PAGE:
No, you see, there is a virus here that none of us can escape. I’ve known a lot of people with a lot of money that don’t love it; I’ve known a lot of people with no money who do love it. And I’ve known the other way around. So don’t fall into the trap of the whole “one percent” thing, whatever you believe about the “one percent” thing. You can love money with no money, and you can be hands off money with tons of money. It is whether you have the money or whether the money has you. And in this case, Judas was consumed with the thought of cash. So this lady drove him absolutely nuts.

And it was a perfect storm, because the chief priests and the scribes were looking for some sly way to arrest Jesus. They could never have imagined in their fondest dreams that the answer to the dilemma would come from one of the Twelve. The word was out on the street: “If anybody finds Jesus of Nazareth, let us know so that we might arrest him.” It’s got a ring to it, that: “If anyone knows where he is, let us know.” What does that make you think of? What should it make you think of? Should make you think of Herod: “And I would like to know about where he is as well. And if you could find out where he is, let me know, so that I might come and worship him also.”[7] Flat-out lie. By this point in the proceedings, as all hell is now enlisted in the cause of the death of Jesus of Nazareth, there’s no pretense left: “If you can find him, we want him; we’ll arrest him; we’ll kill him.”

At the heart of all the animosities of the world is the essence of Genesis 3:15. Every broken marriage, every war between the nations, every disruption between parents and children may ultimately be traced to the fact that at the heart of it all there is this colossal, colossal collision between the seed of the woman and the serpent. And here it comes, inexorably moving. And out of the beauty, and the light, and the engagement, and the enjoyment of this magnificent scene, where we might have expected that the disciples would have stood up and cheered at the end of the night, saying, “And let us just rejoice in this lady, Mary, who has given her all”—no, they go out moaning and complaining, carping and complaining. Nobody likes somebody who loves Jesus more than them. It’s very unsettling. You either have to join them, or you criticize them. And Judas decides, “I’ll just frankly take him out.”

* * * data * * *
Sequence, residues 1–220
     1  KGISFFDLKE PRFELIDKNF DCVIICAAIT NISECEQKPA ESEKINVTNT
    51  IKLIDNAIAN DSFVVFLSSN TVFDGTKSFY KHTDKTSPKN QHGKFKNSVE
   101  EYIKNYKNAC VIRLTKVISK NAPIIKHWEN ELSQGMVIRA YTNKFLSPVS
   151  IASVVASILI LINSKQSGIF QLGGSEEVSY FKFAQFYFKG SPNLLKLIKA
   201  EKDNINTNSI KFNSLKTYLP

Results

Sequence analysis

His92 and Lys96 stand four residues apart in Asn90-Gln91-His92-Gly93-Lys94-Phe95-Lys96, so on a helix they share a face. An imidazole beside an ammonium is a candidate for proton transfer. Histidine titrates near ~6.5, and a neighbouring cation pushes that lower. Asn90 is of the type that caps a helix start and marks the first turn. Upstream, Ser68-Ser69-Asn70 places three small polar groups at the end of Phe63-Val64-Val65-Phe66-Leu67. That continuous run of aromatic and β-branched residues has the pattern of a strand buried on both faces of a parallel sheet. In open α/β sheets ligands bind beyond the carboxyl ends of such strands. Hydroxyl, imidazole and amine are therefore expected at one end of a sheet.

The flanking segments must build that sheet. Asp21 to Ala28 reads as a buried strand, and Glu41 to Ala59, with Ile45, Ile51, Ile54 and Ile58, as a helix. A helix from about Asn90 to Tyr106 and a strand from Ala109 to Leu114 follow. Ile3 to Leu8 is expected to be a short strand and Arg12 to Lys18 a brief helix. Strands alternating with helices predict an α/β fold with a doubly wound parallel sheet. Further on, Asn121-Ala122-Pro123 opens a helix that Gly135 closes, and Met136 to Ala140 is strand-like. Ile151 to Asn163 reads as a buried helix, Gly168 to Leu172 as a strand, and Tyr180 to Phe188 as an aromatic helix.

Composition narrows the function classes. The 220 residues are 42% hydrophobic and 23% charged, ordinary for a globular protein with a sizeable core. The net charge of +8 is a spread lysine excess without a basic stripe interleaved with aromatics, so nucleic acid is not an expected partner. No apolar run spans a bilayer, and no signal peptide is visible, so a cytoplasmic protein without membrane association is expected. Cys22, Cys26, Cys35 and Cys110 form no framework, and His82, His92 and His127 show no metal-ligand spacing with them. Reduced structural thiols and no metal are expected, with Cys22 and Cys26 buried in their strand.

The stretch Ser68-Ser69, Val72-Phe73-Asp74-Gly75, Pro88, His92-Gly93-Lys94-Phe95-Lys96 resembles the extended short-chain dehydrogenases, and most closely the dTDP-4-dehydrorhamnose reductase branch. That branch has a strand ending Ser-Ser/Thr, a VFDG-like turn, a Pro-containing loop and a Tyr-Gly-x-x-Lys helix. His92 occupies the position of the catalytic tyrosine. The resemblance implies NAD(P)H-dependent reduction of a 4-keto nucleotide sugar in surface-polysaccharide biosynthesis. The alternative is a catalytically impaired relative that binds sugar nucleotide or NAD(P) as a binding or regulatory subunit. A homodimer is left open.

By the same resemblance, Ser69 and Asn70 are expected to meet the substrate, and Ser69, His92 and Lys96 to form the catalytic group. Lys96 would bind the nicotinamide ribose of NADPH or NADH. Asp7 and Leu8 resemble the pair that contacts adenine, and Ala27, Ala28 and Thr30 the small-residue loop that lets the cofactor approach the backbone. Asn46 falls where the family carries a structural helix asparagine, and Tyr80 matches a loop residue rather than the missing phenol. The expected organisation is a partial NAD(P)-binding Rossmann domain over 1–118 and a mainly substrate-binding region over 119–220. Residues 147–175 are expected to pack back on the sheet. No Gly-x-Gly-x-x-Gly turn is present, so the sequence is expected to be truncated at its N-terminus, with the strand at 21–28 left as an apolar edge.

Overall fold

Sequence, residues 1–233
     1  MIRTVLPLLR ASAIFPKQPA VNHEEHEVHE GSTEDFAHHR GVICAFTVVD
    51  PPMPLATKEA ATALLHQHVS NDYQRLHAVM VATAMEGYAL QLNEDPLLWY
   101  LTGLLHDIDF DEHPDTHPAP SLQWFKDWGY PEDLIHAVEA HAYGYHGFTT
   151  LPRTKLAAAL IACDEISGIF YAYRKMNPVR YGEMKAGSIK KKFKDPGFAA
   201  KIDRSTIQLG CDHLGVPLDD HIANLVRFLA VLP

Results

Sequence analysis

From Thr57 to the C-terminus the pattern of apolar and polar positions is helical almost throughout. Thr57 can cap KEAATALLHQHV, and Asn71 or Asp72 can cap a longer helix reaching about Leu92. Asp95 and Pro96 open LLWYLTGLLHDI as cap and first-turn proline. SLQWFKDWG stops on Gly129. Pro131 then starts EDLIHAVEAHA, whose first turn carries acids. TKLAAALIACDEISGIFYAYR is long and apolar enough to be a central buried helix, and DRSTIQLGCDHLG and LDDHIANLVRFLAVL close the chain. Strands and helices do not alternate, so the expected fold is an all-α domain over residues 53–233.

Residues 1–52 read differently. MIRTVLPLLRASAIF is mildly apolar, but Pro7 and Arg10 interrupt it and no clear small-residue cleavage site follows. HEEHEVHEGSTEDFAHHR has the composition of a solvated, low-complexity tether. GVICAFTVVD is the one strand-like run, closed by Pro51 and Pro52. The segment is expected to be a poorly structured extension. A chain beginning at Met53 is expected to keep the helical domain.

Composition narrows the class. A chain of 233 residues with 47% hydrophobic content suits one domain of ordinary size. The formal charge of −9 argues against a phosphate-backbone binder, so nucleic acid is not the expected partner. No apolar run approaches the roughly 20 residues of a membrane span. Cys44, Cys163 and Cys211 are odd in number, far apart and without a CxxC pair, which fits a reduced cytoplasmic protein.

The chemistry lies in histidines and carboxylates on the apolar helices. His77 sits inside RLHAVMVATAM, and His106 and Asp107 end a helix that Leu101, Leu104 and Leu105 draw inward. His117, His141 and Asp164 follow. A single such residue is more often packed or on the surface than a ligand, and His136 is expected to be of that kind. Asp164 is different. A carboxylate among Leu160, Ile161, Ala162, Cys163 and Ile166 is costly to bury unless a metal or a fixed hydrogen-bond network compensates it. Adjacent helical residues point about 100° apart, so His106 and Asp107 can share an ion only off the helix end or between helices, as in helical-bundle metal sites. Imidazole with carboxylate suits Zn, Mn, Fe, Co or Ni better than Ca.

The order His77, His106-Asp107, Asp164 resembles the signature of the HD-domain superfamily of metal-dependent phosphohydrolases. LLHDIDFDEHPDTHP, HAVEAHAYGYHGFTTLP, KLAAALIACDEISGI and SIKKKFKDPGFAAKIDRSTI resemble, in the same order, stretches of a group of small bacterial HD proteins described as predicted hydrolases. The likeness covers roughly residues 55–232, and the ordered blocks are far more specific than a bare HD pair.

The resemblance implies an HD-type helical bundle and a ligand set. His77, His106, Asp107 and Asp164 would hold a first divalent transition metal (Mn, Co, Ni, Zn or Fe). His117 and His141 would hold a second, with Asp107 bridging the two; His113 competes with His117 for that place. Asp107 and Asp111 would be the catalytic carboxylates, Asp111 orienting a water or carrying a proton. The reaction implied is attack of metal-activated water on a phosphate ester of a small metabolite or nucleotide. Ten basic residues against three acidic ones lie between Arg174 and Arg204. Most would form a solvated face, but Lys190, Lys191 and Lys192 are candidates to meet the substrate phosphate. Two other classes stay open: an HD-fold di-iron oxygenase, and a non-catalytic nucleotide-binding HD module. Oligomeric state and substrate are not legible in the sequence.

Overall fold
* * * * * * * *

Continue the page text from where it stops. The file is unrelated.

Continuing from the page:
It’s a reminder, incidentally—for those of you who are New Testament scholars—this little incident is a reminder to us of the unvarnished nature of the New Testament record itself. You don’t think for a moment that if this was an invention of two hundred years beyond, that they would have invented a story that included one of the Twelve disciples being the one that turned in Jesus. You don’t do that if you’re trying to make the thing look good. No, it’s very, very straightforward.

Now, let’s not overlook the fact, either, that the people that were involved were high- ranking religious leaders. We tend to think that anybody who turns his collar round the wrong way, or wears a robe, or is called a chaplain, or a parson, or a pastor, or a vicar, or a rector, or whatever it might be, that somehow or another they are exempt from error. Yeah, but, I mean, you only need half a brain to know that isn’t true. You only need to know a little bit about church history; you only need to have read the newspaper just about every single day of the week. No, the religious authorities are opposed to Jesus in this instance. They’re blind guides. Jesus has told them they’re blind guides.[8] And who better to be their companion than another blind man—one who has been blinded by Satan himself?

Every broken marriage, every war between the nations, every disruption between parents and children may ultimately be traced to the fact that at the heart of it all there is this colossal, colossal collision between the seed of the woman and the serpent.